I think one of the saddest facts though, is that instead of taking an article like this to heart, the people who may need the info most will ignore it because "this will never happen to me, I love my child". This isn't about whether your child is a priority or not, or you love them or not. It can happen to anyone, especially when routines change or your over exhausted.


Please people, instead of being judgemental, just pass along these tips and use them yourselves. Share them with any new moms you may know, require sometimes caregivers to have a certain rule they follow when watching a child.

nonmember avatar krystian

Again, I still don't get it.



I've never once forgot my child, how could you forget a child?



Secondly, I honestly do believe that some of these people are now,doing it on purpose to get attention.



I check the back seat all of the time.....even when I don't have my kids with me.

Kattey Kattey

Krystian doesn't understand science. All she understands is being a judgemental cow.  I really need to post a link to that article.

Kattey Kattey

Here is the Washington Post article that discusses how the brain can forget and mishandle the information. Hopefully someone will read it and understand that on an emotional level we may not "get" how someone can forget, but on a logical level it is possible. Spread actual information to prevent this from happening, not blame.


http://www.washingtonpost.com/lifestyle/magazine/fatal-distraction-forgetting-a-child-in-thebackseat-of-a-car-is-a-horrifying-mistake-is-it-a-crime/2014/06/16/8ae0fe3a-f580-11e3-a3a5-42be35962a52_story.html

nonmember avatar TJ

Try leaving your purse, briefcase, or laptop bag in the backseat

BabyL... BabyLadyG12

My trick for remembering my kids is: complete, total and abject fear of driving. I hate driving--it feels like confronting death to me everytime I get behind the wheel. I am on such heightened alert when I drive that I am hyperaware of everything.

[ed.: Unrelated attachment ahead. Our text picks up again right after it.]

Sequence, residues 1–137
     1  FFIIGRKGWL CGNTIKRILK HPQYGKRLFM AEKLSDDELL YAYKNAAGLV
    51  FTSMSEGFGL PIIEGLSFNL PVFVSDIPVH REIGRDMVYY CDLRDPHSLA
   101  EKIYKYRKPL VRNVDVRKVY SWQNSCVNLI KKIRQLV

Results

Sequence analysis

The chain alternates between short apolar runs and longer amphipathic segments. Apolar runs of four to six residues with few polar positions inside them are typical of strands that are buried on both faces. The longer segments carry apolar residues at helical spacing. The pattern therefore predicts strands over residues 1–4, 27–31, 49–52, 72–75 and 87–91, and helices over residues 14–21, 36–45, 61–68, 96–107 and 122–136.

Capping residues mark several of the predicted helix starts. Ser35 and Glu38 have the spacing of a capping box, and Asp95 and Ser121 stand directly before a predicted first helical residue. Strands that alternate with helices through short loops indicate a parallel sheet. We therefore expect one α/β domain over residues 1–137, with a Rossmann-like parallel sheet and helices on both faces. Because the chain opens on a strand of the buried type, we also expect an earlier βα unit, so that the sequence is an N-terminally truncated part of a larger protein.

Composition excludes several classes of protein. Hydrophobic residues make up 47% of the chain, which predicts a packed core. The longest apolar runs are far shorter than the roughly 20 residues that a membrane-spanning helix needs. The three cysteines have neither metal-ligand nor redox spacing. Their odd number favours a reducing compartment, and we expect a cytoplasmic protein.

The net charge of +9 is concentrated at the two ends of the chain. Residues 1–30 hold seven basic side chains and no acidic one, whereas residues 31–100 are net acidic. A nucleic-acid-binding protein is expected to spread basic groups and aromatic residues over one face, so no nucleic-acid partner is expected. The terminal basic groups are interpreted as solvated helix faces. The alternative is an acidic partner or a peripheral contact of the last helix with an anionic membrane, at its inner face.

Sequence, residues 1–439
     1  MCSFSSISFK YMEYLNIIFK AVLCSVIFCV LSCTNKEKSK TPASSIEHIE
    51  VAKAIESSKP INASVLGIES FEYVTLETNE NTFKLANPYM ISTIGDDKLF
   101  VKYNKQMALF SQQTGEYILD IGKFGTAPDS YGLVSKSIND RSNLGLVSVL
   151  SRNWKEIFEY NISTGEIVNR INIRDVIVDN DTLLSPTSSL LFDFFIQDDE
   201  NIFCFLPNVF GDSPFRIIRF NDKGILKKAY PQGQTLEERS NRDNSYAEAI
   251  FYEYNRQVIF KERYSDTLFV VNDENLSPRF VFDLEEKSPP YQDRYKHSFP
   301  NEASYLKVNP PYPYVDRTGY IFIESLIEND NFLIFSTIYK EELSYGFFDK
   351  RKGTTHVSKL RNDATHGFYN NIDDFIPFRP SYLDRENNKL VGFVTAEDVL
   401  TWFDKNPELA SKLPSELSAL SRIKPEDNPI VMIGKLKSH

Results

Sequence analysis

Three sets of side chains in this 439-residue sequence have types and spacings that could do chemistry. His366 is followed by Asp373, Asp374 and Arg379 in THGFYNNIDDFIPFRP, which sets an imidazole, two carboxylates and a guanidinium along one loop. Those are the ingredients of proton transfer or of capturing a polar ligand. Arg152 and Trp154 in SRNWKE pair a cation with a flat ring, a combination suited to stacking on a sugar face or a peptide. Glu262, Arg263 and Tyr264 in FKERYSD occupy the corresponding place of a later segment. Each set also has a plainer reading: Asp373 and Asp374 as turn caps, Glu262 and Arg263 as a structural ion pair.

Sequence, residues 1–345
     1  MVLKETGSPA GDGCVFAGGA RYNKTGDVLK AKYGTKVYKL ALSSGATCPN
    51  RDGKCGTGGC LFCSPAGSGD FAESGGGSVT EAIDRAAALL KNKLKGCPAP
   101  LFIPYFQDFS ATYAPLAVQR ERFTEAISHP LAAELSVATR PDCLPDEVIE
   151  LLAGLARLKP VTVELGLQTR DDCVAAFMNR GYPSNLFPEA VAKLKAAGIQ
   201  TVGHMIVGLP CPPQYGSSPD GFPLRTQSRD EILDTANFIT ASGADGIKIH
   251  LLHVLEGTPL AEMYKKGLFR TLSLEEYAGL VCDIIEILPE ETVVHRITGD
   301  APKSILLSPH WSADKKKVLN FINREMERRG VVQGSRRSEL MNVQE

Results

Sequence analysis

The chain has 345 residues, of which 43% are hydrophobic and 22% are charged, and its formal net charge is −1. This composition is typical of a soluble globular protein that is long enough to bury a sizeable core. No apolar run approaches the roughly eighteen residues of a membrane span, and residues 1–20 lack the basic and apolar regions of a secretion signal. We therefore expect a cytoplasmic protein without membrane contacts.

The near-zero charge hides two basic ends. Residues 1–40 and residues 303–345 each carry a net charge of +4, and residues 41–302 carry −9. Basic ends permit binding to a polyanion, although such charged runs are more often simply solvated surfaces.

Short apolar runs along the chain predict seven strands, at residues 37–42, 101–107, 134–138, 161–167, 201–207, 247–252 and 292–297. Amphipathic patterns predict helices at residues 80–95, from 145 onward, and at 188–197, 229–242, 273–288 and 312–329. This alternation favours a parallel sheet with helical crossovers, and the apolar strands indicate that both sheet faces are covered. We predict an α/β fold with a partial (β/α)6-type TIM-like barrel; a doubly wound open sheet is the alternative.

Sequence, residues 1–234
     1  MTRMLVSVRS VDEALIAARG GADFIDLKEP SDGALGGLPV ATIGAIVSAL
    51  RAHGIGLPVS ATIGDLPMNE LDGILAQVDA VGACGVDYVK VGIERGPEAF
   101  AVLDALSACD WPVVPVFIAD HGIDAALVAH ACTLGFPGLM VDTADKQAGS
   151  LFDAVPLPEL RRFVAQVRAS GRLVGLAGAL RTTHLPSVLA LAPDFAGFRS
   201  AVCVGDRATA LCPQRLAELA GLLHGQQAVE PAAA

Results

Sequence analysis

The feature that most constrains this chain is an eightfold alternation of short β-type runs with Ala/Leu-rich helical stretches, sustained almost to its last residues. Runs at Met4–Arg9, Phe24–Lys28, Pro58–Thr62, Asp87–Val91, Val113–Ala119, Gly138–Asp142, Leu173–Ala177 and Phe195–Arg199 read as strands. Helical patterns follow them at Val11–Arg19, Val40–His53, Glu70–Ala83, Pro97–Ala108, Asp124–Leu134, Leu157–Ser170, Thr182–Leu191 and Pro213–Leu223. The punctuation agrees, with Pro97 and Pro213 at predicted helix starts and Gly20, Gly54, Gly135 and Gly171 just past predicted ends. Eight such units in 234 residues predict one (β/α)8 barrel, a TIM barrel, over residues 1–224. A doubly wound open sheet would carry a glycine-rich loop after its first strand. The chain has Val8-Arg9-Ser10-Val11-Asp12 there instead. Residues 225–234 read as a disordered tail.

I understand how this could happen to someone (I have had times where I've autopiloted and just done something without recalling doing it), but until I stop completely fearing driving, hopefully it won't be any issue for me.

POWmom01 POWmom01

Yikes gamer_mom1 & Kattey, seems a little harsh. There is a better way to say you disagree with someone that insults and cuss words. (Although I don't agree with krystian's entire comment)


I don't understand it either. I have read the articles regarding mis-remembering etc but I still did not understand. I try not to judge because I don't know anyone's personal situation or circumstances. But there seems to be a lot of cases in which the child is intentionally left in the vehicle while someone  "runs in for a second". I feel like this would give those types of parents the okay to leave their child in the car because they have a fail safe or worst, some parents will use this for a babysitter. 


During the past month I have changed my habits in regards to the car due to all the stories I have read recently and articles regarding mis-remembering. I throw my stuff into the backseat floor now instead of the passenger seat and make myself get out of the car and open the rear door to retrive them, not reaching over to the back. I am all for saving a child's life.

nonmember avatar Tootsie

If you are that ignorant that you forget you have a kid, then you shouldnt be a parent. Idk how "out of routine" you get, there is no excuse. Putting your purse in the back seat to remind you that your child is there only says you value materials over your kid. This has nothing to do with science, this is people being complete morons. Idgaf who disagrees. Those who disagree are probably have done it themselves. Idiots There is NO excuse.

Kattey Kattey

POWmom, I know I seem harsh, but comments like Tootsie's enrage me. She doesn't get it, so therefore she is an expert and science plays no part. That contributes nothing to the situation, except maybe shaming someone. Perhaps there is someone who would use the purse/backseat trick to try to develop a routine of always checking the back, then they read comments like Tootsie's and think "I must be a shitty parent then, I just need to try harder and not use material tricks, other parents don't need them" and a month later their child is dead because Tootsie is a bitch.


As a side note, it's not about valuing material things over your child that makes the item in the backseat work. What makes it work is that you may not always have your child with you, but odds are you always have your purse. That is what builds the habit of checking the backseat. You aren't doing it just because you have a child, you are ALWAYS reaching in back. It becomes habit, and then whether the child is with you or not, you always look, reducing the odds of forgetting a child.


 

Kattey Kattey

You do make a good point about those who run in just for a second, though. I think another thing people forget is that there is a difference between those who forgot and lost a child, versus those who purposely left their child and where gone too long. One is an accident that can happen whenever, where ever, too whoever. The other is an intentional act. The two should never becompared because circumstances are different in the mindset of the parent.

1-10 of 46 comments 12345 Last